Corus greets government aid package with caution
Troubled steel producer Corus has said it is 'interested' in a multi-million pound government aid package aimed at saving its Llanwern site in Wales.
A spokesman for the Anglo- Dutch company, which is thought to be planning the closure of the Welsh plant with the loss of 2,600 jobs, said it was still waiting to see the official proposal for aid announced by the Welsh Assembly last week.
'So far we have only had contact with individual members of the assembly, and at the moment all we can say is that we are interested in seeing details of the aid package,' said Corus media relations manager Mike Hitchcock.
Corus has blamed a weak euro for substantial losses made by its UK manufacturing arm. An order for compulsory redundancies at other plants in Scunthorpe and Teesside sparked moves for a strike ballot of union members last week.
But in an attempt to secure jobs at Llanwern, and a further 5,000 estimated to be dependent on the steel industry in the wider community, the Welsh Assembly said it had identified five ways in which it might support the plant until trade and the euro gained strength.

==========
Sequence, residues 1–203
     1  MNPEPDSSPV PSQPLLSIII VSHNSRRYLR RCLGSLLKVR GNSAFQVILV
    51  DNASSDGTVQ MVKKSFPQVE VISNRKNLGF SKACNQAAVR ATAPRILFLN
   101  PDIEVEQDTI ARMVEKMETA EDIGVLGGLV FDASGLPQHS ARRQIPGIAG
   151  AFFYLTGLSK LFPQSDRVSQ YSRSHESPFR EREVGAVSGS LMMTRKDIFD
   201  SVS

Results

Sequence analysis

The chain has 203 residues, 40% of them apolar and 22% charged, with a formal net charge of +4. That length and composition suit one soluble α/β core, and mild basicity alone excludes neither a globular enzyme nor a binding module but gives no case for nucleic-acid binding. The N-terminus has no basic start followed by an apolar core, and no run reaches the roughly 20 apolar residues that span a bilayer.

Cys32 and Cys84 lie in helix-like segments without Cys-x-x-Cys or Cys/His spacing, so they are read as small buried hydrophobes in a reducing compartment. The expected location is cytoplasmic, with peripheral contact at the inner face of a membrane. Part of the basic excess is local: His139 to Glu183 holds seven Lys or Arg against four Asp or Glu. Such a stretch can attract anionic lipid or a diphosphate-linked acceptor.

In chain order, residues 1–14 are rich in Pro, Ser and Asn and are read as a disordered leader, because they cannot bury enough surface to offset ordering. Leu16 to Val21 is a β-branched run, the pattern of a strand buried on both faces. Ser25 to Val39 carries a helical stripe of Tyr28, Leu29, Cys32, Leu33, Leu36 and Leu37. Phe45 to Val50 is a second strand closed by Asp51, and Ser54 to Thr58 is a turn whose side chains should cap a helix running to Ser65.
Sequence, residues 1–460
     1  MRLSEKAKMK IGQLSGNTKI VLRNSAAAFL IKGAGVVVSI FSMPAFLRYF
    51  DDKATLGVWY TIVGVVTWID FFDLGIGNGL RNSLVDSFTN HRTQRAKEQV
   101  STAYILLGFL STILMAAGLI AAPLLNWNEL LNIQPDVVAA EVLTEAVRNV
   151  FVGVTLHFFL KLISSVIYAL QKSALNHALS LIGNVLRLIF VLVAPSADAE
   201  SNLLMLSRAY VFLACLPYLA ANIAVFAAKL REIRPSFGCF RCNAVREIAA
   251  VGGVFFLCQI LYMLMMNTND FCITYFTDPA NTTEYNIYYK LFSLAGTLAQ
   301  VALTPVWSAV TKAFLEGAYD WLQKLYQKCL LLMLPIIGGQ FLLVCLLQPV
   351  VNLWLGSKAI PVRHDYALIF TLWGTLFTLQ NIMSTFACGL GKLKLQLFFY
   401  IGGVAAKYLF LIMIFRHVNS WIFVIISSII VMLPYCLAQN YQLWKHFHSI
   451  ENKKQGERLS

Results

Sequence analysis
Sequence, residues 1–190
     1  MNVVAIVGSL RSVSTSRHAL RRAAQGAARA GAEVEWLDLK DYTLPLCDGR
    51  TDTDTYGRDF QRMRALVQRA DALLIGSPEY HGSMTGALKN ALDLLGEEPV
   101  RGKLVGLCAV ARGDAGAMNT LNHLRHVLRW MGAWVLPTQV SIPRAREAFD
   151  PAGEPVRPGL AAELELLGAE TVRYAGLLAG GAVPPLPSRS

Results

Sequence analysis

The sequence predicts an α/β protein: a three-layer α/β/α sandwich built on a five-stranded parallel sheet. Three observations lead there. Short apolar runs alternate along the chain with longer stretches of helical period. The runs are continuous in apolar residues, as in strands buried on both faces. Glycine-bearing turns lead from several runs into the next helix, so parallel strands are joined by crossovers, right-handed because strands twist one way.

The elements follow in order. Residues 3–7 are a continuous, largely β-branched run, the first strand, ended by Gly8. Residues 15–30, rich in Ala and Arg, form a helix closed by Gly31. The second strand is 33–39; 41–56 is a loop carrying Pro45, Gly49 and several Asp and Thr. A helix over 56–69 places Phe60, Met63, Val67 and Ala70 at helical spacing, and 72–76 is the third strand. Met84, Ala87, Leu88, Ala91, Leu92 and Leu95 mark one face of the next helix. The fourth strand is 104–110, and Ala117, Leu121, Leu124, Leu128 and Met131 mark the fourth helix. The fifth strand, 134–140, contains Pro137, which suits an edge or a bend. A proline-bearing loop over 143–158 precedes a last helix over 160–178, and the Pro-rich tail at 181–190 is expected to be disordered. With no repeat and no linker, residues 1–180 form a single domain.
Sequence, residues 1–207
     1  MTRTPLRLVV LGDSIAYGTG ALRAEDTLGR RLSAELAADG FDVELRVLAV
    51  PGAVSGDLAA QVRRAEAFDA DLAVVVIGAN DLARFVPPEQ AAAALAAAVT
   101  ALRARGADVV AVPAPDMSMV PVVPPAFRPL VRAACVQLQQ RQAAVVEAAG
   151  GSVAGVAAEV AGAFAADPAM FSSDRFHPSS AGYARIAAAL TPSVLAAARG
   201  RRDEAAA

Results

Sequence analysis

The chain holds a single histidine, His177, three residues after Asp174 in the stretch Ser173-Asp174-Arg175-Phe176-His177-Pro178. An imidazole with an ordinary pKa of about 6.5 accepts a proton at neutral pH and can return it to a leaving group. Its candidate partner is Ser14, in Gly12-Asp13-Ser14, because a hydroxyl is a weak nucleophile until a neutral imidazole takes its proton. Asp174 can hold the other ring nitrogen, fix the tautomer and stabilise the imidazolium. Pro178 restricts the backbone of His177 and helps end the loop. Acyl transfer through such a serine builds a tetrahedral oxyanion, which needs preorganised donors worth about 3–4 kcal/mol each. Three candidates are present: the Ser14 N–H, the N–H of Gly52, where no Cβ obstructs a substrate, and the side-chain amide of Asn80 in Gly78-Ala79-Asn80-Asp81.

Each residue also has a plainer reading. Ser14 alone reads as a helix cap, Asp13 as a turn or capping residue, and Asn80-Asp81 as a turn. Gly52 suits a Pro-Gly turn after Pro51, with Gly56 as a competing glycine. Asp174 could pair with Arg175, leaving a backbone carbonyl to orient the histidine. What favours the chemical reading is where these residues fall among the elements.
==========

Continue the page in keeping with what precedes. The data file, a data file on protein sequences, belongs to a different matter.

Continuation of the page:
Michael German, Welsh deputy first minister and minister for economic development, told the assembly last week: 'Already we have helped to bring forward the revaluation of business rates, which has saved Corus over £4m.
'We have a training support package, and we are also examining research and development and environmental projects.'
These projects include the assembly buying land owned by Corus, and a reduction of the company's climate change levy.
Corus, however, has already struck a deal with central government on investment needed to make it eligible for a reduction in the climate change levy.
The company also claims its business rates have increased sharply and it now pays a total of £24m for its Welsh rates.
Despite this Welsh Assembly member John Griffiths, whose constituency includes the Llanwern plant, said the company had a responsibility to its employees.
'The workforce has endured continual job losses. They have trained, up-skilled and adapted to new working practices to make Llanwern productive. It is now time for Corus' management to demonstrate a similar commitment,' he said.
Because of Corus' current redundancy programme its main union, the Iron and Steel Trades Confederation, sent ballot papers for industrial action out to its Scunthorpe site members yesterday. The result, which could lead to strike action, will be declared on 5 February.